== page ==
Rossi brilliant, finally


He gets up, but Rossi gets him down. Go ahead and jump, Lorenzo.

Jorge Lorenzo. The guy rides a great season, wins lots of races,
collects his first Moto GP world title with three races left on the
schedule — and all anybody can talk about is Valentino Rossi’s
fantastic ride to victory at the Sepang race. Lorenzo has got to be

there’s good reason for it. All he had to do was finish ninth to
clinch the crown, since the only guy who could mathematically have
caught him was at home in Barcelona nursing a broken collarbone. On
the other hand, Rossi was utterly brilliant at Sepang.

guy is still not completely healthy from an early-season shoulder
injury, missed four races in mid-season with two bones broken in his
left leg, qualified on the second row and then had an utterly
horrible start. He was 11th
on the first lap while Lorenzo’s Fiat Yamaha and Andrea Dovizioso’s
Repsol Honda started splitting from the field almost at once. To come
back from all that and win only his second race of the year was a
great triumph, and a superb ride.


That’s what they’re talkin’ about!

Doctor" said himself that he thought "it
was a fantastic race, one of the best of my career I think." Nobody
watching would argue against that; great to see some actual racing
and passing in Moto GP for a change.

and Dovi’s early break was made easier by Casey Stoner crashing his
Marlboro Ducati on the first lap; he blamed a cold front tire, but
everyone else made it around the corner, including the two guys he
was chasing, so who knows? Dovizioso kept the pressure on Lorenzo,
passing him for the lead on the ninth lap of 20. But Rossi was
unbelievably already there; third on the field by the fourth lap
after scything through the world’s fastest racers as though they
weren’t even there.

caught his team-mate Lorenzo for second on the next lap, then pushed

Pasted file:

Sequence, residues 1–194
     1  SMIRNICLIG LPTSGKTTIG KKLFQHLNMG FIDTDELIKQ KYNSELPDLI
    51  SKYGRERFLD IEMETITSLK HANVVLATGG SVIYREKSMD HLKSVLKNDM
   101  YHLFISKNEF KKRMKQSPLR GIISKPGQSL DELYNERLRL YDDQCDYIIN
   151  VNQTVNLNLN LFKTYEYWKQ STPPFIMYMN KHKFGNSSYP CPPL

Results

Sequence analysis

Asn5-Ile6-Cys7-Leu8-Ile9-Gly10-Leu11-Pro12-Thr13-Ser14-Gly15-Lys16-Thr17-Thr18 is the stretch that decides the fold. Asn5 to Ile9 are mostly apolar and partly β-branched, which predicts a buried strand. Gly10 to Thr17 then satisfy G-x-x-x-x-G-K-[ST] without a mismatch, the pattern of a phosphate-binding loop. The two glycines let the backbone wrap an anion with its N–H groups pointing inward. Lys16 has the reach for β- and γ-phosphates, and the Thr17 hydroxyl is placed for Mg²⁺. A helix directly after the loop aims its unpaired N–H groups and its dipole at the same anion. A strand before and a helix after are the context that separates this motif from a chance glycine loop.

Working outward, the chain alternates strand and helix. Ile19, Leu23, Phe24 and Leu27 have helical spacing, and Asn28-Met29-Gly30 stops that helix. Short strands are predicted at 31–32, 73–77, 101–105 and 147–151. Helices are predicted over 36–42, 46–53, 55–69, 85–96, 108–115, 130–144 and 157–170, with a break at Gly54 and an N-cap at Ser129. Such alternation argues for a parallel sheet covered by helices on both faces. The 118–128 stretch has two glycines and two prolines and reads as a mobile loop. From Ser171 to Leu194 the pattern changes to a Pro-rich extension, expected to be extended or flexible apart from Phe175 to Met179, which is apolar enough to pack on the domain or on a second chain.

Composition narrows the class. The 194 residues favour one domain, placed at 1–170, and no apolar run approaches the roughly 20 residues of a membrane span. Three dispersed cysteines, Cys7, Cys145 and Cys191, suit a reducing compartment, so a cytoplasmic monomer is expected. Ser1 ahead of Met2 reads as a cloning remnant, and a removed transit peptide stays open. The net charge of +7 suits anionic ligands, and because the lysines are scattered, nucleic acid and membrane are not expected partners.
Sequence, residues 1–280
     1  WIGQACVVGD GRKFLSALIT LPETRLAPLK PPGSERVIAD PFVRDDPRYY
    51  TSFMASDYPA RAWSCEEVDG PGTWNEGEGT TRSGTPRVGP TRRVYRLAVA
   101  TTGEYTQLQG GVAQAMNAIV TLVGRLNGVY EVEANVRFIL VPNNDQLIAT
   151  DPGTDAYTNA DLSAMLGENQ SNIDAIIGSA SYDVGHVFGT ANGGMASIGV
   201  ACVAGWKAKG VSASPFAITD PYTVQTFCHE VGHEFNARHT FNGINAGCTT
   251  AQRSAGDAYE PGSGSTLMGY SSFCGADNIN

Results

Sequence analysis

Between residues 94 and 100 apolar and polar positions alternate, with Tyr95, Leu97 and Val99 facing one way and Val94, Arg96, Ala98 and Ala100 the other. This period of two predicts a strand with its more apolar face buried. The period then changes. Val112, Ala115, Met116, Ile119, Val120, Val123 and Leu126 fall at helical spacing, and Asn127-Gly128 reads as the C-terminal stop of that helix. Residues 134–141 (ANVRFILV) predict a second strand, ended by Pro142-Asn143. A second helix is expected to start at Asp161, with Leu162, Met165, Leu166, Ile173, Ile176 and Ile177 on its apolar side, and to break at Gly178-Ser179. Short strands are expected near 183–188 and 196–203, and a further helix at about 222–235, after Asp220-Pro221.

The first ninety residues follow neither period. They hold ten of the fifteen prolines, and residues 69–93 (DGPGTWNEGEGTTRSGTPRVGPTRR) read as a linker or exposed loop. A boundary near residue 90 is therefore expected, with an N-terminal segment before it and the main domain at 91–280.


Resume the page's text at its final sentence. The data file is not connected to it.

Dovi wide to take the lead on the next. From there he was never
headed, although his fellow Italian kept the pressure on, eventually
finishing only two-tenths of a second back. Lorenzo also pushed for a
bit, but finally settled down to a more relaxed pace to take third
and his first Moto GP title.

Majorcan said, "This is a dream come true for me today …
This is something I have always wanted and something I’ve dreamed of
my whole life."

the top three left the rest of the field for dead, there was also
some pretty damn good racing farther back. Alvaro Bautista got an
amazing fifth on the Rizla Suzuki, his best Moto GP result ever,
after an entertaining battle with Ben Spies, who put his Tech 3
Yamaha ahead of Bautista for good just a couple of laps from the

them, Nicky Hayden took his Ducati to sixth, after getting past
Hiroshi Aoyama and Marco Simoncelli with two laps to go when the
Japanese and Italian forced each other wide in a ding-dong battle and
let the American slip through. It was an amazing display from Aoyama,
his best result of the season and by far his best since returning
from multiple broken vertebrae — he’s still wearing a special
brace for his back.

three races left to go there are still some championship standings to
settle, but with the title settled, for sure the main action will
focus on the individual rivalries, none more so than that between the
Fiat Yamaha team-mates.

is going to want to rub it in that he’s still The Man and that
Yamaha made a mistake in basically choosing Lorenzo over him, while
Lorenzo is going to have exactly the opposite goal.